I thought I would share with you what I went through to get this photo:
I used my eBay light box because I wanted to get a good shot of it. As you all know, natural light is tough to come by in the winter, especially if you are like me and don't really get started on the day until about 4 pm when the light is already fading.
The first couple shots.
Notice how I forgot to use the background swoop inside the lightbox? But later, much later, I fixed that with the retouch tool in iPhoto.
#2 Son rags on me because, even if I remember to use the swoop, it is always creased and wrinkled. This time, though, my iron and ironing board were already out and mere inches away, so I decided to fix that.
However, the swoops are nylon and the nylon setting on my iron is too cool for steam. And I needed really steam to get these wrinkles out.
The iron is set on 2, even though the nylon setting is 1. From experience I have found that the labeling on the iron is conservative, and that I can iron things with it one setting hotter than the labeling would have me believe. With steam coming out of the soulplate holes I held the iron 1/4-inch above the fabric for a few seconds, then ironed it really fast. No problems.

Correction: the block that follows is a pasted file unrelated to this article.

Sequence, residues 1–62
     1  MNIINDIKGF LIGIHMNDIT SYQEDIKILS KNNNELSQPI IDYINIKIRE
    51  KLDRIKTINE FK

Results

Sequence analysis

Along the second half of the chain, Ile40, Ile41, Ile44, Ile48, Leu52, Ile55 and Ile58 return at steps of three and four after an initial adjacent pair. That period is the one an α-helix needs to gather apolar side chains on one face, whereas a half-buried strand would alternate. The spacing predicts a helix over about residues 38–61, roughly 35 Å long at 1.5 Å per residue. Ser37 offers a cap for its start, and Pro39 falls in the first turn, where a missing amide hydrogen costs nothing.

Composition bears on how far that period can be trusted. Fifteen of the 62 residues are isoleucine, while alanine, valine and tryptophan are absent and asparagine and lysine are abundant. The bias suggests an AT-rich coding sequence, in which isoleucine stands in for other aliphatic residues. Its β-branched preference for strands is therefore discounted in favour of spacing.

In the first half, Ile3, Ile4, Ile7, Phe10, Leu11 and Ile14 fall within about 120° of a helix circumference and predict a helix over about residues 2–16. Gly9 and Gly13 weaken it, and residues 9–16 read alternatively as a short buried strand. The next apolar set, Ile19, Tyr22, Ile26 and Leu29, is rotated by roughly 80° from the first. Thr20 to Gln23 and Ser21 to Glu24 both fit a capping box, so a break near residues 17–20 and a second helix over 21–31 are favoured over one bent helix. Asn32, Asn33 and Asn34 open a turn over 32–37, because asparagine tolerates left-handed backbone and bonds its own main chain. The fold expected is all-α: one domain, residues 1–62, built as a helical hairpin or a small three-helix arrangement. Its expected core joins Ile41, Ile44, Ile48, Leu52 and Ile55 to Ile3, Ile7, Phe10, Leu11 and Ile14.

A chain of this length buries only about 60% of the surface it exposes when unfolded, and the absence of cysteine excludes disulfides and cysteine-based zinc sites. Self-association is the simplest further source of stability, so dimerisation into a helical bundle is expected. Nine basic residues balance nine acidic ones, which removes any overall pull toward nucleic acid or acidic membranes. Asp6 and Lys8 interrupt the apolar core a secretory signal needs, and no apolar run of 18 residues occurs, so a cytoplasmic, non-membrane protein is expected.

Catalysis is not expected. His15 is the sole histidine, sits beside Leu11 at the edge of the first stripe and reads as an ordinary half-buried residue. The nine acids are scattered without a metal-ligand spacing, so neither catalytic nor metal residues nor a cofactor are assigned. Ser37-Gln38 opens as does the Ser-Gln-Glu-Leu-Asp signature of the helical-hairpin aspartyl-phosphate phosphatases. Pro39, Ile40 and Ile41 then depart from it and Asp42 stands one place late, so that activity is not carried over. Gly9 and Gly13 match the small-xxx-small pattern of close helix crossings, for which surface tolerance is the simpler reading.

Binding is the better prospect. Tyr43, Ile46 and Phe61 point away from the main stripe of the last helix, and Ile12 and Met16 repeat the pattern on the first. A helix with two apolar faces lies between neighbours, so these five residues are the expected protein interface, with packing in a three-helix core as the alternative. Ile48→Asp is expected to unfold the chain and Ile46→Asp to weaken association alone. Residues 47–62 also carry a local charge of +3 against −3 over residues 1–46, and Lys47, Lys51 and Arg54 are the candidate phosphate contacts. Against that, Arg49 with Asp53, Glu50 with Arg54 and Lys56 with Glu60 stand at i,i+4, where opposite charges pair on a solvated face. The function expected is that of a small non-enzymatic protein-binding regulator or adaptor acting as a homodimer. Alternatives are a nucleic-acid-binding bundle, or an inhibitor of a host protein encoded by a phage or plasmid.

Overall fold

Your results may vary.
Next, I thought that the yarn would show up best if I used the black swoop. After all, I had held it against every color under the sun to decide what yarn to contrast with it in the scarf I had originally planned, and charcoal was the best choice. So black should really make it pop, right?
Looks good, right?
This is just a sampling of the shots I took. In retrospect, I see that the contrast between the black background and the subtleties of color in the yarn made it hard for the camera to capture the latter. If you click on any of those you will see how washed out the yarn looks compared to the first photo. Perhaps I could have corrected it in iPhoto, but I didn't even try. While shooting I kept backing the halogen work light (the white triangle at the upper edge of the establishing photo of the light box) farther and farther away from the box, putting another layer of white fabric over the top of the box to filter the light, aiming the light at the ceiling, trying both the regular and the macro setting on the camera — everything I could think of.
Eventually I decided to use one of the original shots and to blur the background. At least my swoops got ironed. And stored in such a way to keep them that way.